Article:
icon-email icon-facebook icon-linkedin icon-print icon-rss icon-search icon-stumbleupon icon-twitter icon-arrow-right icon-email icon-facebook icon-linkedin icon-print icon-rss icon-search icon-stumbleupon icon-twitter icon-arrow-right icon-user Skip to content

Do not believe anyone who tells you that growing roses is a simple matter of digging a hole, plopping the rose in the hole and filling it up. Do you ever notice those pathetic Knockout roses in suburban parking lots? They are never fed, never watered and have no shelter from the hot summer sun. That is what I call rose abuse. 

Presenting the world with presentable roses requires some effort, including pruning. All own-root roses need a certain amount of pruning each year, which occurs six to eight weeks before your last frost date. 

Please note that I said “own-root” roses. A rosarian once commented to me that it’s hard to prune an own-root rose to death, whereas canes coming up from the rootstock can entirely overtake the grafted rose. 

The act of pruning is usually preceded by fits of trepidation. That's because cutting a shrub rose back to a few bare canes is no one’s idea of fun. However, if you know what you are doing and, more importantly, why you are doing it, the job becomes less stressful.

First, make sure you have some decent rose gloves that shield a good part of your lower arm. Almost all roses have thorns – and deer are the only creatures I know of who can pounce on the shrub without ending up a bleeding mess. Rose gloves are not gardening gloves, which are considerably thinner. 

Second, make sure your tetanus boosters are up to date. Tetanus is a bacterial toxin in the soil, which if exposed to a bleeding wound can create problems. There is no cure for tetanus.

Now to the pruning: The first thing you’ll do is cut back the shrub so that all the canes are the same length. For older shrubs, this means cutting back approximately by one-third of the plant; for younger shrubs, prune back less. 

Once you have done this, determine which canes are the main canes and which canes are the secondary ones. The primary canes are the more substantial ones, whereas the secondary canes are rather spindly. Keep the main canes, cut out the secondary ones. 

Now look to see if any canes are crossing one another or are rubbing against one another. In this case, one of the canes has to go for the health of the plant. Otherwise you’re enabling pathogens to enter any opening on those canes.

Instructions always tell you to cut out the diseased and dead canes – and I find this is the hard thing to determine. I have two chestnut roses whose canes are gray. As the canes are all gray, it’s impossible to determine which canes are dead. Because I have the same problem with the climbing rose “Mme Alfred Carrière,” I will wait until the leaves are out – and then assume those canes without leaves are probably dead or unhealthy. On other roses it isn’t difficult to determine which canes are dead, as they are a dark color, whereas the live canes are far lighter.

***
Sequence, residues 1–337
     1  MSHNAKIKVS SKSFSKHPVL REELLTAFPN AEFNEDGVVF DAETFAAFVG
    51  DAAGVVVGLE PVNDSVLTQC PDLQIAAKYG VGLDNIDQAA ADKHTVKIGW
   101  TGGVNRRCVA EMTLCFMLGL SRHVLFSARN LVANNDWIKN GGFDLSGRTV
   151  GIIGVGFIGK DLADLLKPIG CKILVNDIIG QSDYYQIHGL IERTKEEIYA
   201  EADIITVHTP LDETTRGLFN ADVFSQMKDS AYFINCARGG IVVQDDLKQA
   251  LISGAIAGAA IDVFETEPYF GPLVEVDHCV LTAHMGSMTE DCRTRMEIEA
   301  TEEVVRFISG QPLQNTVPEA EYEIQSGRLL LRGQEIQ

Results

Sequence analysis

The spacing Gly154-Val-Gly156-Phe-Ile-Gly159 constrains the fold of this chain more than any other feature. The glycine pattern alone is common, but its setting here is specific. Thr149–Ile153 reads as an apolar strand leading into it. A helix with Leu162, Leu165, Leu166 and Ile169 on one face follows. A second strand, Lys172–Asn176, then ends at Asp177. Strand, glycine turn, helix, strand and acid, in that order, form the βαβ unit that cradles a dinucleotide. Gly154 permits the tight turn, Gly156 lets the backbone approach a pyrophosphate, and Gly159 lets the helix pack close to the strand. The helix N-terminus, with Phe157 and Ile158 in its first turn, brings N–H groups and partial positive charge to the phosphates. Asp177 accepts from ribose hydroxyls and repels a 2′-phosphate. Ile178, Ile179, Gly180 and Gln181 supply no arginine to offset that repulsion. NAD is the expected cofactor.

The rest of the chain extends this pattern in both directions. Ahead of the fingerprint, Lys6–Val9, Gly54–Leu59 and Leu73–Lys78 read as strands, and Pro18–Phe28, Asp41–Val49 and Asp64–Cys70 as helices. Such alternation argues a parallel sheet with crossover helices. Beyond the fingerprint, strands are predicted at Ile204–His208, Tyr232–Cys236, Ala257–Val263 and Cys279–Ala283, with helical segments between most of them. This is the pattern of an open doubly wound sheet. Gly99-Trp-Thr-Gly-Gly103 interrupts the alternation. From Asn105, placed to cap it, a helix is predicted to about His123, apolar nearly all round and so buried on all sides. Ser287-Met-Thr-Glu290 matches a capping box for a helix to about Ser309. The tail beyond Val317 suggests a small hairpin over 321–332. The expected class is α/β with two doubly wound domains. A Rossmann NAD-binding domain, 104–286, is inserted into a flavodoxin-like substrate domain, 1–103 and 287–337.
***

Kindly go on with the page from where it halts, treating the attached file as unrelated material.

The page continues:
Now look at the rose objectively and cut out those canes that are growing out at awkward angles. Your eventual aim is to get the shrub pruned back to four, five, or six main canes. Now cut out all those junky, wimpy little canes that grow everywhere and produce no flowers. These are worthless canes that only the rose can love. They aren’t good for producing blooms, and they will never grow to be strong canes. These ugly stepsisters have to come out.

About this time you’re probably asking yourself why you are doing this thankless task. Disposing of long canes filled with thorns that catch either you or your clothing is not fun. They take a long time to compost – and any rose worth its salt at this point is looking sulky. 

You’re doing this for several reasons: (1) Pruning increases the health of the rose and strengthens the main canes; (2) you are actually increasing rose production, as the rose will be encouraged to put out new growth – and the blooms occur on new growth; and (3) if you didn’t prune, the rose would eventually become a tangled mess of canes and thorns.

The final cut of the remaining canes will come about an inch above the bud nodule. You should notice a swelling in a nodule and there might even be some growth. Then sit back and admire your work – and let the roses take over. They will thank you by performing as the spectacular prima donnas they are. And just think: You won’t have to get another tetanus shot for 10 years.

Kit Flynn

Kit Flynn is a Master Gardener. She has written about her gardening experiences for the past 10 years.

Learn More

Latest Stories

Choosing Senior Living

Stay Up to Date

Sign up for articles by Kit Flynn and other Senior Correspondents.

Latest Stories

Choosing Senior Living
Love Old Journalists

Our Mission

To amplify the voices of older adults for the good of society

Learn More

News & Opinion from Senior Correspondents Across the Globe